From The Guardian UK: http://www.theguardian.com/music/2014/jan/28/pete-seeger-road-goes-on-for-ever-folk-traditions
The folk singer believed in handing on the traditions he had done so much to save, so that others could carry them forward. It was his greatest achievement
The Guardian, Tuesday 28 January 2014
You didn’t have to listen to Pete Seeger‘s music to feel his effect on the popular music of the last 70 years. It was his influence that set the moral compass of many great singers and songwriters, ensuring that even in the times when the music industry threatened to be washed away by the tide of its own most bloated, celebrity-worshipping, money-grubbing excess, the voice of a social conscience could still be heard.
Along with Woody Guthrie and Lead Belly, he brought the music of the dirt farms, the sweat shops and the lonesome highways into America’s – and later the world’s – living room. By refusing to allow traditional forms of musical expression to die, by “sowing the music of the people”, as he put it, he ensured its availability for infusion into later developments, serving to keep a sense of moral purpose alive even when that seemingly fragile element appeared to have been asphyxiated.
He was not a crusader on behalf of some academic notion of authenticity; he knew that music had to evolve, but he preferred it to retain a core of accessibility and potential relevance to a mass audience. Yet although his own style of performance – lively but dignified, informal but literal, paying no heed to the devices of showbiz stagecraft – may have been rendered obsolete by the discoveries of those who owed him a great deal, nevertheless everyone knew the lanky, unstylish figure and what he stood for, and that was more than enough.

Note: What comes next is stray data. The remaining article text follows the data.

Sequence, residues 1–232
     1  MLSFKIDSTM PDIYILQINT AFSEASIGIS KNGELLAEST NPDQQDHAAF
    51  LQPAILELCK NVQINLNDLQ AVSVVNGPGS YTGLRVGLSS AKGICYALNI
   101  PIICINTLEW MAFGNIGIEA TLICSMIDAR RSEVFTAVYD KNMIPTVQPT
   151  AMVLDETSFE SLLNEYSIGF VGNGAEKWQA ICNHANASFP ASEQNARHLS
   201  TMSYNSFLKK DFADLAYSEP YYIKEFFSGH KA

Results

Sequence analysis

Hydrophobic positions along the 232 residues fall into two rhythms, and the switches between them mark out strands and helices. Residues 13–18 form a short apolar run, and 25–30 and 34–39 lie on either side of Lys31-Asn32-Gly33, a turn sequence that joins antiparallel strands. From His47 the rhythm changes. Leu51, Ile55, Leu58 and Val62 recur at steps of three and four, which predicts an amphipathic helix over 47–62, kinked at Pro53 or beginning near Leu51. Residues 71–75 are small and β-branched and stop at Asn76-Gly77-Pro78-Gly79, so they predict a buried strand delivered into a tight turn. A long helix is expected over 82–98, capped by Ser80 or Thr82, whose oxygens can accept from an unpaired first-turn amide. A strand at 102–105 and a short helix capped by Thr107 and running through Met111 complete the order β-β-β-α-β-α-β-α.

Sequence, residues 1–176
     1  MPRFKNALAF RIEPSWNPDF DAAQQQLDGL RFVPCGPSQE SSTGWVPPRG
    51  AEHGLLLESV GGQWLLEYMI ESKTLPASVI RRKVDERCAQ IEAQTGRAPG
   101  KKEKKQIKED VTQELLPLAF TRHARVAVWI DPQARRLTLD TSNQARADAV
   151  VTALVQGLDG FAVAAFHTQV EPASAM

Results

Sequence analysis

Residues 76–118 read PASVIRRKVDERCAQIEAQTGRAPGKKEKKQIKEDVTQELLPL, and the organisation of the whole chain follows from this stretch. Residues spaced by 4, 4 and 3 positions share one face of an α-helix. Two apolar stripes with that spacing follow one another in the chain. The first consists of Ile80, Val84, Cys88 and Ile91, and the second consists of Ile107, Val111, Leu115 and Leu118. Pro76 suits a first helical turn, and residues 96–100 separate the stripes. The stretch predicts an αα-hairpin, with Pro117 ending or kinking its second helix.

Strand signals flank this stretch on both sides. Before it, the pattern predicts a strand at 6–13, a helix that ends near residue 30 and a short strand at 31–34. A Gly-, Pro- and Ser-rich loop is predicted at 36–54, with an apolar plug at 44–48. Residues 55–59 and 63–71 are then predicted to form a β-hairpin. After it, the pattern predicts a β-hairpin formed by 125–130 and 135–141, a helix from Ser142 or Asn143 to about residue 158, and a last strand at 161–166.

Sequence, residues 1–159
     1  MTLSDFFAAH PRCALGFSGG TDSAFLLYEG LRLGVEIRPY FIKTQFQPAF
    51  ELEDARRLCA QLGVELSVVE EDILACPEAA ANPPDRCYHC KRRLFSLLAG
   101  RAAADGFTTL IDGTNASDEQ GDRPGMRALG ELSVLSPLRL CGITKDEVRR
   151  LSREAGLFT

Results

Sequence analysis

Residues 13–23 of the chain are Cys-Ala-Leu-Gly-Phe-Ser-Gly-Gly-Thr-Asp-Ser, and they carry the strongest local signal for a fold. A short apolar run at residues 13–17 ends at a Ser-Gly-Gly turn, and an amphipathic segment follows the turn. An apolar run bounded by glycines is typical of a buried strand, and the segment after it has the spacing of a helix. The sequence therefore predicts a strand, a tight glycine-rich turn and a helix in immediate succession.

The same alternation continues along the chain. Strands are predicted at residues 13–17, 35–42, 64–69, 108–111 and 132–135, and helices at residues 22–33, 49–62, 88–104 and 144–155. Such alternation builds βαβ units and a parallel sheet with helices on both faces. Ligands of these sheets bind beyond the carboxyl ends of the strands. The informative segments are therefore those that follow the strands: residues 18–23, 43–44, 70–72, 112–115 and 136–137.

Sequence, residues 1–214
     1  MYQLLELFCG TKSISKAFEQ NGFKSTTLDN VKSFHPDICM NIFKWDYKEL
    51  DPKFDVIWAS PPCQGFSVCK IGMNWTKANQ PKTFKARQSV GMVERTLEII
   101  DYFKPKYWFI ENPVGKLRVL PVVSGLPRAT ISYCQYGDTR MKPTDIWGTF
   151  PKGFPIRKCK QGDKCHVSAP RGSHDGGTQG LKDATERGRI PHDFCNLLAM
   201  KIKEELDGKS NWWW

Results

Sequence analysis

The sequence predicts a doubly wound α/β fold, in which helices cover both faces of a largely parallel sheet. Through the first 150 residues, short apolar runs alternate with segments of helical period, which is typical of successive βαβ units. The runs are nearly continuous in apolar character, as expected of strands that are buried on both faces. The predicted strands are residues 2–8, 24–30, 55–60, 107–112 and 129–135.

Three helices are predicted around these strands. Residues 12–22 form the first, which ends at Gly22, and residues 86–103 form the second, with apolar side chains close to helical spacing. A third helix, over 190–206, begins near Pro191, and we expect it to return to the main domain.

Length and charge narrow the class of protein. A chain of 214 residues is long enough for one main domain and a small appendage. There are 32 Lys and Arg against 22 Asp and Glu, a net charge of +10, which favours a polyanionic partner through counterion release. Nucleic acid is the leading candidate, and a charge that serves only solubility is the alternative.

When Bruce Springsteen and Ry Cooder released albums during the run-up to the 2012 US presidential election, using their songs to make strong and unequivocal statements on behalf of those weakened and dispossessed by the activities of the super-rich, they were following the example of Bob Dylan, whose early protest anthems, such as Blowin’ in the Wind and The Times They Are a Changin’, emerged from the scene that Seeger had done much to nurture.
The unknown Dylan had benefited from Seeger’s patronage, and all acknowledged his crucial role. When Springsteen recognised the need to drag himself out of a becalmed period at the start of the new millennium, it was to Seeger’s music that he turned for inspiration. The Seeger Sessions, with their joyful singalong versions of We Shall Overcome and Jacob’s Ladder, would be the catalyst for his artistic regeneration.
It was the perfect of example of Seeger’s belief in the folk process, the invisible but enduring mechanism by which source material survives being handed on and transformed at the hands of successive eras. Speaking to Alec Wilkinson of the New Yorker, Springsteen remarked that Seeger “had a real sense of the musician as historical entity – of being a link in the thread of people who sing in others’ voices and carry the tradition forward … and a sense that songs were tools, and, without sounding too pretentious, righteous implements when connected to historical consciousness”.
Continue reading at: http://www.theguardian.com/music/2014/jan/28/pete-seeger-road-goes-on-for-ever-folk-traditions